- Mechanical knowledge and a collection of spares are essential. A winch and a set of planks can get you out of muddy trouble in the rainy season.
- Most trips off the beaten track require a 4WD.
- Motorcycles generally aren't permitted in national parks.
Hitching is never entirely safe in any country, and we don't recommend it. But in some parts of Africa, there is often simply no other option than grabbing lifts on trucks, 4WDs, lorries or whatever vehicle happens to come down the road first. Whatever vehicle you jump on to, you'll generally have to pay. In more developed countries, such as Ghana, Kenya, Morocco, South Africa and Zimbabwe, where there are plenty of private cars on the road, it may be possible to hitch for free.
Travellers who decide to hitch should understand that they are taking a small but potentially serious risk. People who do choose to hitch will be safer if they travel in pairs. Remember that sticking out your thumb in many African countries is an obscene gesture; wave your hand vertically up and down instead.
Small minibuses take up the slack in many African transport systems. All too often they are driven at breakneck speed and crammed with close to 30 people when they were designed for 18 (there's always room for one more), with a tout or conductor leaning out the side door. The front seat is the most comfortable, but thanks to the high number of head-on collisions in Africa, this seat is called the 'death seat': how many old bus-drivers have you seen? (If you do see one, be sure to choose his bus!)
These minibuses are known by different names across the continent (matatus in Kenya, dalla-dallas in Tanzania, tro-tros in Ghana, poda-podas in Sierra Leone), names that are, confusingly, fairly interchangeable for shared taxis and bush taxis.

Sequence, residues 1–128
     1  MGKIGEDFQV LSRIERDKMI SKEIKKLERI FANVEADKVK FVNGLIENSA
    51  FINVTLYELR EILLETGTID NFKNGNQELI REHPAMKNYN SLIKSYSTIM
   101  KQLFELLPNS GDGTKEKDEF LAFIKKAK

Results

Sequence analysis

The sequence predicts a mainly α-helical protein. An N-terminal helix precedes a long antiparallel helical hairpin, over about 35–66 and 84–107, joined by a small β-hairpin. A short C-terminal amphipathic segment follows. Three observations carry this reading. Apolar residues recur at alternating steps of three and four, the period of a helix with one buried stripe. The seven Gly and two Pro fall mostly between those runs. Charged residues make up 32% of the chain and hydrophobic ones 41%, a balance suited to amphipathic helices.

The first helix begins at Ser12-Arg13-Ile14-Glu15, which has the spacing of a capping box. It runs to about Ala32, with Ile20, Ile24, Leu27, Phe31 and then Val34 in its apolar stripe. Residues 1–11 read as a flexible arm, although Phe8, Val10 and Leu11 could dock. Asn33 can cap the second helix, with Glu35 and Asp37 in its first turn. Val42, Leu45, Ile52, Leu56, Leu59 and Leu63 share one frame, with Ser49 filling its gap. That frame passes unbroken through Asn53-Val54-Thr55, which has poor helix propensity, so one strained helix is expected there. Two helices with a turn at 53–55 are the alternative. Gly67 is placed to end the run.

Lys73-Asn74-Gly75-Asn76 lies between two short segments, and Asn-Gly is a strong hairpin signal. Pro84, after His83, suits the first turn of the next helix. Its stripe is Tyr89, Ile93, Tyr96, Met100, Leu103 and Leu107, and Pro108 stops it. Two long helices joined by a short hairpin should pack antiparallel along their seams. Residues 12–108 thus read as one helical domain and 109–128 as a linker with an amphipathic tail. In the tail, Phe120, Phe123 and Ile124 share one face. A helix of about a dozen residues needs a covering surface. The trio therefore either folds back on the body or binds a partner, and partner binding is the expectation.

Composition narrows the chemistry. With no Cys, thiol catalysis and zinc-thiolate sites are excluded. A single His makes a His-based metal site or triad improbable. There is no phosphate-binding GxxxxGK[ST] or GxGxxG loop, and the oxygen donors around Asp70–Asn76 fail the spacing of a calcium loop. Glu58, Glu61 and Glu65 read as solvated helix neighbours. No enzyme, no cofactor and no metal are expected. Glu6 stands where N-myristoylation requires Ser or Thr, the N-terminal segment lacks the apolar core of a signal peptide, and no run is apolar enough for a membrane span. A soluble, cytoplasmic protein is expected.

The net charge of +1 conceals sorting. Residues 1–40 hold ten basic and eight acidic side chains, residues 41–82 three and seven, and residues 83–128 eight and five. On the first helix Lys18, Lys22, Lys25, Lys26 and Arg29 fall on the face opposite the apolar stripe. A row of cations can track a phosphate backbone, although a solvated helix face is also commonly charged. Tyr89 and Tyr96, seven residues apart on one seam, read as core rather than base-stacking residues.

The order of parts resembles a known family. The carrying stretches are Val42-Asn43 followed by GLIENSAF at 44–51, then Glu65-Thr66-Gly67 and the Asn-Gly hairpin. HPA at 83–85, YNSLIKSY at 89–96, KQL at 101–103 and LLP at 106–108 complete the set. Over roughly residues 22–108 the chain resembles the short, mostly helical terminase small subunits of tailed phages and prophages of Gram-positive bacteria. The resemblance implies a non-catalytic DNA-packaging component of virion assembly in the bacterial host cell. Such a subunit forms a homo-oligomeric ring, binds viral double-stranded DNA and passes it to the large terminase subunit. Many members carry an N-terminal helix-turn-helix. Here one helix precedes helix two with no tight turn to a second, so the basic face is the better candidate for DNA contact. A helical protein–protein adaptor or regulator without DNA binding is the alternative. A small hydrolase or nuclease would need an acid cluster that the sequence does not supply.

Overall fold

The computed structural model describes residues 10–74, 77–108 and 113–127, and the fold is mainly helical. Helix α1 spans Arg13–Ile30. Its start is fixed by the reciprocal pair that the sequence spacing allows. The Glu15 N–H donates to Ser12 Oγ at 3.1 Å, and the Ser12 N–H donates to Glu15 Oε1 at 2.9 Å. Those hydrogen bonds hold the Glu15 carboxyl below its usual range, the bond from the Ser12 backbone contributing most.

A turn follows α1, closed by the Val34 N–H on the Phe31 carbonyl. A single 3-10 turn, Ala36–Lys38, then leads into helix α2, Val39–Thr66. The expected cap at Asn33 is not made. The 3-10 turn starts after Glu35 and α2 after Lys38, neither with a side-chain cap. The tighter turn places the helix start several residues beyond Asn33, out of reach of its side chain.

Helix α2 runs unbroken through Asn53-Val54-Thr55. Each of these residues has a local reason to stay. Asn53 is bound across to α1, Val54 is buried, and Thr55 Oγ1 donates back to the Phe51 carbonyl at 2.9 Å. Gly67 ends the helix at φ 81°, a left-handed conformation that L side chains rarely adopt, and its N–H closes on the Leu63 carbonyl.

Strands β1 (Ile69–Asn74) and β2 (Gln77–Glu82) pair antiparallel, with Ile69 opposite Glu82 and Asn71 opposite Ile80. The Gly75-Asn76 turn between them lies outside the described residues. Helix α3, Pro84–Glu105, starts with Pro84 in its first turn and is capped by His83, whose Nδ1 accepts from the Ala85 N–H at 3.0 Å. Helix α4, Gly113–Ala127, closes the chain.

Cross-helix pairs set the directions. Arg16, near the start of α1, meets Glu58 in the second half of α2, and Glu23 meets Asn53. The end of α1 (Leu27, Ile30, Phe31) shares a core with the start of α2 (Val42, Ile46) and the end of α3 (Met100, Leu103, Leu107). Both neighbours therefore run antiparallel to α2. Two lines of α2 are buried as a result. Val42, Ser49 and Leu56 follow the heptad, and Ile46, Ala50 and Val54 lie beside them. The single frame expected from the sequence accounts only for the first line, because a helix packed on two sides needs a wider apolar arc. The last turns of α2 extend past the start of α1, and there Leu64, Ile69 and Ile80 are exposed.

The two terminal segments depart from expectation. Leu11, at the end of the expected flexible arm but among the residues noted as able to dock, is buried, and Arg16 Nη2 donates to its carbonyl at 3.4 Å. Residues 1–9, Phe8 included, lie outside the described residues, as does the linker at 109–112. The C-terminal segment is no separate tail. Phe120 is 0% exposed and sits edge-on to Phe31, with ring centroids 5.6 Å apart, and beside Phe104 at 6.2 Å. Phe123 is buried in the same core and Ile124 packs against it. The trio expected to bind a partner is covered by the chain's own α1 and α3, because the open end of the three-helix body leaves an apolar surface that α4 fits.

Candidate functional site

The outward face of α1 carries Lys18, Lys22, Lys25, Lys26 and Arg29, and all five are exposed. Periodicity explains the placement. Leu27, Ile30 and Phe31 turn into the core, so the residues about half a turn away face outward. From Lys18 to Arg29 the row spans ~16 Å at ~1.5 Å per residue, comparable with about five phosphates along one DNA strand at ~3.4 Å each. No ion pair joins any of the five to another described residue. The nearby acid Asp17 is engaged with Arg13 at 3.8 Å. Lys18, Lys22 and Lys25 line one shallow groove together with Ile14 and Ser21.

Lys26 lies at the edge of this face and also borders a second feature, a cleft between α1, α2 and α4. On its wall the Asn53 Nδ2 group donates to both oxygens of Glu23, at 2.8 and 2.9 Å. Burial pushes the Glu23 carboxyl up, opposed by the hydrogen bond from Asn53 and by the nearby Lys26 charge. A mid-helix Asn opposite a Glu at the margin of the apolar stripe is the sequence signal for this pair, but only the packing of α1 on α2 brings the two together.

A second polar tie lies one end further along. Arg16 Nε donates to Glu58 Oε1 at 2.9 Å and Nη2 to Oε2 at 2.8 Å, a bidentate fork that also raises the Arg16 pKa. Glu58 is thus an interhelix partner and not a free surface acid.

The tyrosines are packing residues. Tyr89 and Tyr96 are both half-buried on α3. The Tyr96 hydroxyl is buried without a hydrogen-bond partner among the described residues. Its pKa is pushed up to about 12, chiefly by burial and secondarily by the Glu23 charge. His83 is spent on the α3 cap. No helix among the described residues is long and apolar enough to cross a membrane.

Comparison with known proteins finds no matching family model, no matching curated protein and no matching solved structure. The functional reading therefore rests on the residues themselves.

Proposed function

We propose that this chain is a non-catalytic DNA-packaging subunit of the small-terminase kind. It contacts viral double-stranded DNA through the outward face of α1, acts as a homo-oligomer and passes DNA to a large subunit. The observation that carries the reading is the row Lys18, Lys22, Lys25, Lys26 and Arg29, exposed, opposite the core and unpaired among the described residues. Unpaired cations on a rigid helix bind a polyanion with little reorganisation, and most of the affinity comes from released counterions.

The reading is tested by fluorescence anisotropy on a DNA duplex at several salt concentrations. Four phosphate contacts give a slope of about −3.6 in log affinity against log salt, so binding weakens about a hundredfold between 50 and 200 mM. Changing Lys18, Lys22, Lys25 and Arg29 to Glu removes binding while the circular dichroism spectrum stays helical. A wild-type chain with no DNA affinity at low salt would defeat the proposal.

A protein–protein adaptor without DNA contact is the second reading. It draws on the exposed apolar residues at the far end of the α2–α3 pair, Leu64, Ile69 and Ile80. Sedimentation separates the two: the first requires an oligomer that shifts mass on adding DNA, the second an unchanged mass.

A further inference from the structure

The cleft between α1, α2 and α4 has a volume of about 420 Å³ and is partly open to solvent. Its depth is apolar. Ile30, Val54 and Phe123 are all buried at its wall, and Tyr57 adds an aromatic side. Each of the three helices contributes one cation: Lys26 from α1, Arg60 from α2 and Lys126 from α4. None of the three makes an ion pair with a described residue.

Minibuses usually only leave when very full (a process that may take hours), and will stop frequently en route to pick up and set down passengers. Minibuses are also the favourite prey of roadblock police, who are not averse to unloading every passenger while they enter into lengthy discussions about paperwork and 'fines' that may need paying.
Shared taxis are usually Peugeot 504s or 505s or old spacious Mercedes saloons (common in North Africa). They should definitely be considered, where available (which is not everywhere). Your average shared taxi is certainly quicker, more comfortable (if a little crowded) and less of a palaver than taking a bus or minibus, although many shared taxis are driven by lunatic speed freaks. They cost a little more than the corresponding bus fare, but in most cases once the vehicle has filled up (usually with nine to 12 people, packed in like sardines) it heads more or less directly to the destination (in most cases), without constant stops for passengers. You should expect to pay an additional fee for your baggage in West Africa, but usually not elsewhere. Motorcycle taxis can also be convenient, if dangerous.
'Bush taxi' is something of a catch-all term and is used slightly differently across the continent. Basically, a bush taxi is any multiperson mode of public transport that isn't a bus.